Archive | Faith-Based Schools

Building character at St. Vincent

Students at St. Vincent Ferrer Catholic School learn about character development, which is taught in every area of the school.

What happens when you don’t tell the truth? What are the consequences? How does it affect your life?

Fourth-graders at St. Vincent Ferrer Catholic School in Delray Beach pondered these questions while reading the Newberry Honor-winning novel On My Honor.  The story centers on a boy named Joel whose friend drowns while they are swimming in a dangerous river.

During the discussion, students were asked to weigh in on Joel’s decision to hide the truth about the drowning.

“Lying makes it worse,” one student chimed in.

Another student said: “You don’t value your friends until they’re gone.”

Students at St. Vincent Ferrer Catholic School were discussing Marion Bauer’s book because it is one of many that focuses on the development of character. At St. Vincent, the school’s theme, Build a Better World by Building a Better You, is taught throughout the school: in classroom projects, curriculum and activities.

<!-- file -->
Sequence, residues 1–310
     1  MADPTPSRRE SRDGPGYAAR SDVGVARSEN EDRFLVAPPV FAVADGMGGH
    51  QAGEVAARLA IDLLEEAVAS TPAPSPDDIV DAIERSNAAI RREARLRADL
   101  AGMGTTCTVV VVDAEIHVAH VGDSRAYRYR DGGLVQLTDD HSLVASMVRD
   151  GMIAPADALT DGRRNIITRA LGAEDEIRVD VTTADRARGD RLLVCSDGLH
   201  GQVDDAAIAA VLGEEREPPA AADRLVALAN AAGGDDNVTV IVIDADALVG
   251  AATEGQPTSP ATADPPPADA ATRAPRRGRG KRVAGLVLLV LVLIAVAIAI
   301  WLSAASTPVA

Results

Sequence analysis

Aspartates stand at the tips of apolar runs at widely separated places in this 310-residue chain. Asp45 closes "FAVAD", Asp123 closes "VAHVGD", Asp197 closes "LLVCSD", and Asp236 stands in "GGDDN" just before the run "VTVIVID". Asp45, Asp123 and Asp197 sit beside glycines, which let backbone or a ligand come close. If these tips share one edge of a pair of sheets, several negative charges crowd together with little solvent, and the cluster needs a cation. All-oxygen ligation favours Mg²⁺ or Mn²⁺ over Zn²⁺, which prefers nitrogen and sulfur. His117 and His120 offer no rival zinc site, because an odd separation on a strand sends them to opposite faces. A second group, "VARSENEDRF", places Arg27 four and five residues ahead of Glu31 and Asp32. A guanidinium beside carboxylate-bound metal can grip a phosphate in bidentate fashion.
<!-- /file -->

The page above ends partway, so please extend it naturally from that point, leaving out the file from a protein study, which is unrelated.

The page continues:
“We are under construction,” said Vikki Delgado, principal at St. Vincent. “Sometimes we fail, but we get up and try again.” Continue Reading →

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School choice scholarship student soars after quickly hurdling language barrier

MIAMI – The day after Maria Corrales’ tear-soaked graduation ceremony from St. Brendan High School, her mother, Carmen Urquijo, still searched for perspective.

“I have no words,” said Urquijo of her oldest daughter’s path from Cuba to Miami, a four-year journey that saw a girl who didn’t speak any English transform into a college-bound honors student.

A moment later the words spilled forth.

“Proud, grateful, full of joy that she was able to achieve so much,” Carmen said in Spanish. As Maria translated, a slight blush came over her golden skin.